Ever since the morning of May 29, 1953, when Tenzing Norgay and I became the first climbers to step onto the summit of Mount Everest, I’ve been called a great adventurer. The truth is, I’m just a rough old New Zealander who has enjoyed many challenges in his life. In fact, as I look back after 50 years, getting to the top of Everest seems less important, in many ways, than other steps I’ve taken along the way—steps to improve the lives of my Sherpa friends in Nepal and to protect the culture and beauty of the Himalaya.
Not that I wasn’t excited to reach the top of the world. I remember when Tenzing and I faced the icy, narrow final ridge to the summit. Some on our team had predicted the ridge would be impossible to climb, but it didn’t look so bad to us. After attaching fresh oxygen bottles to our masks, we set off. I led the way, hacking a line of steps with my ice ax. After about an hour we came to a 40-foot-high rock buttress barring our path—quite a problem at nearly 29,000 feet. An ice cornice was overhanging the rock on the right with a long crack inside it. Beneath the cornice the mountain fell away at least 10,000 feet to the Kangshung Glacier. Would the cornice hold if I tried to go up? There was only one way to find out.
Jamming my crampons into the ice behind me, I somehow wriggled my way to the top of the crack, using every handhold I could find. For the first time I felt confident that we were going to make it all the way. To the right I saw a rounded snow dome and kept cutting steps upward. In less than an hour I reached the crest of the ridge, with nothing but space in every direction. Tenzing joined me, and to our great delight and relief we stood on top of Mount Everest.
In the years that followed our climb, I returned many times to the Everest region with my mountaineering friends and built up a close relationship with the Sherpas, spending a great deal of time in their homes and with their families. I admired their courage and strength, but I quickly realized that there were many things they lacked in their society that we just took for granted back in New Zealand such as schools or medical facilities.
One day in 1960 our group of climbers and Sherpas was camped on a glacier not far from Everest. Shivering in the cold, we huddled around a smoky scrub fire. For hours we had been talking about the fortunes of the Sherpa people in a mix of Nepali and English. The flames sank lower, and the cold crept in around us. A Sherpa by the name of Urkien tossed a handful of stunted azalea on the fire, making it flare with a crackle of sparks.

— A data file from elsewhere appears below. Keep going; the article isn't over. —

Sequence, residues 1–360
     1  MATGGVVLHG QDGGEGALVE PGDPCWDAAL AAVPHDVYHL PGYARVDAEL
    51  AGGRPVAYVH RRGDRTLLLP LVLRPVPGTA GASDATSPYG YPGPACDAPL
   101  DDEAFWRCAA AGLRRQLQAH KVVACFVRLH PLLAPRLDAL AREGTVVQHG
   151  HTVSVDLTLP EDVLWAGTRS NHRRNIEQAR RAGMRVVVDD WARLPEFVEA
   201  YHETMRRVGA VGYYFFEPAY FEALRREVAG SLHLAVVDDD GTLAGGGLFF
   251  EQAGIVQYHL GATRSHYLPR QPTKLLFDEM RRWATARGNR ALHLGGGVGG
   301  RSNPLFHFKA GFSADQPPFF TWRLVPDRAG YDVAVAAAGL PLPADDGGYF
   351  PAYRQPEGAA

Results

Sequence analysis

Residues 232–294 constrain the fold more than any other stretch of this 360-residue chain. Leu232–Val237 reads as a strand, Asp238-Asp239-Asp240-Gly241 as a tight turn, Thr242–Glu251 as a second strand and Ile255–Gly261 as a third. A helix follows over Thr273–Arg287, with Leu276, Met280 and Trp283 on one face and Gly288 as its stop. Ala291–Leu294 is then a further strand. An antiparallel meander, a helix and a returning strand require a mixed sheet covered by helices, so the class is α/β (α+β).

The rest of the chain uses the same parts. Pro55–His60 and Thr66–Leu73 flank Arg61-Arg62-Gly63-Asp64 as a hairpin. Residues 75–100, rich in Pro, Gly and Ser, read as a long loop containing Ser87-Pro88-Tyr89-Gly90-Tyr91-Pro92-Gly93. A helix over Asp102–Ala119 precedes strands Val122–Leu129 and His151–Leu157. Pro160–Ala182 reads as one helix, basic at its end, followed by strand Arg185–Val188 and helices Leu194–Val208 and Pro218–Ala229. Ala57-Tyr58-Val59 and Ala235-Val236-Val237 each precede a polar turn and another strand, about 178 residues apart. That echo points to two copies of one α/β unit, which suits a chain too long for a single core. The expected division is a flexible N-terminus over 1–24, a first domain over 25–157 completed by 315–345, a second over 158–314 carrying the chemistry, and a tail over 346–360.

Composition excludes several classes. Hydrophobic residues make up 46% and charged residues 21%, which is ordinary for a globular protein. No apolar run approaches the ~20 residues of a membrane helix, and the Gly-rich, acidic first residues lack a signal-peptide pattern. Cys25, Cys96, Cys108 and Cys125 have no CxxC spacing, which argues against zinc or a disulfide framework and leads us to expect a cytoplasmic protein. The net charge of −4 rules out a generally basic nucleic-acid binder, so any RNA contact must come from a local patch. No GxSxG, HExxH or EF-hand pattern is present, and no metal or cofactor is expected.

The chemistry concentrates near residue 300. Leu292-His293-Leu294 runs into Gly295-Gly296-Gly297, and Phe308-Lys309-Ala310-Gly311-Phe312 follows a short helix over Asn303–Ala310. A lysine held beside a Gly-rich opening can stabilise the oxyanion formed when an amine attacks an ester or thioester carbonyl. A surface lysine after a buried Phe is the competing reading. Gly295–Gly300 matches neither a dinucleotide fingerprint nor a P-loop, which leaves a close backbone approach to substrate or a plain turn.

”Tell us, Urkien,” I said. “If there were one thing we could do for your village, what should it be?”
“We would like our children to go to school, sahib!” he said. “Of all the things you have, learning is the one we most desire for our children.”Urkien’s words hit home. The next year I persuaded a company in Calcutta to donate a prefabricated aluminum building. The Swiss Red Cross flew the building in parts from Kathmandu to a mountain airstrip at 15,500 feet in the Mingbo Valley. From there the Sherpas carried the building materials a day’s march to Khumjung, and we constructed the school.
We invited the head lama of Tengboche monastery to carry out the opening ceremony in June 1961. He arrived with a number of monks who brought trumpets, drums, and cymbals. There was much chanting of prayers, and finally the head lama circled the building twice with us all trailing along behind him. As he went, he cast handfuls of rice in every direction. Khumjung’s school was duly blessed.
As I got older, my wife, June, and I traveled around the world, raising funds for new projects for the Himalayan people. At the request of Sherpa residents, we helped establish 27 schools, two hospitals, and a dozen medical clinics—plus quite a few bridges over wild rivers. We constructed several airfields and rebuilt Buddhist monasteries and cultural centers. We planted a million seedlings in Sagarmatha National Park to replace the vast number of trees destroyed for firewood and used to build the small hotels that came with the growth of tourism.
So over the years I’ve done lots of expeditions and projects in remote parts of the world—some big ones and many small ones. I’ve stood at both the North and South Poles as well as on the world’s highest peak. When I look back over my life, though, I have little doubt that the most worthwhile things I have done have not been getting to the summits of great mountains or to the extremes of the Earth. My most important projects have been the building and maintaining of schools and medical clinics for my dear friends in the Himalaya and helping restore their beautiful monasteries too.
I clearly remember the happy day when we first opened the Khumjung school with only 47 children in scruffy Sherpa clothes—but with rosy cheeks and beaming smiles. Now one of them is a pilot of a Boeing 767 and others are important executives in travel, business, and nonprofit organizations.
These are the memories I will carry with me always.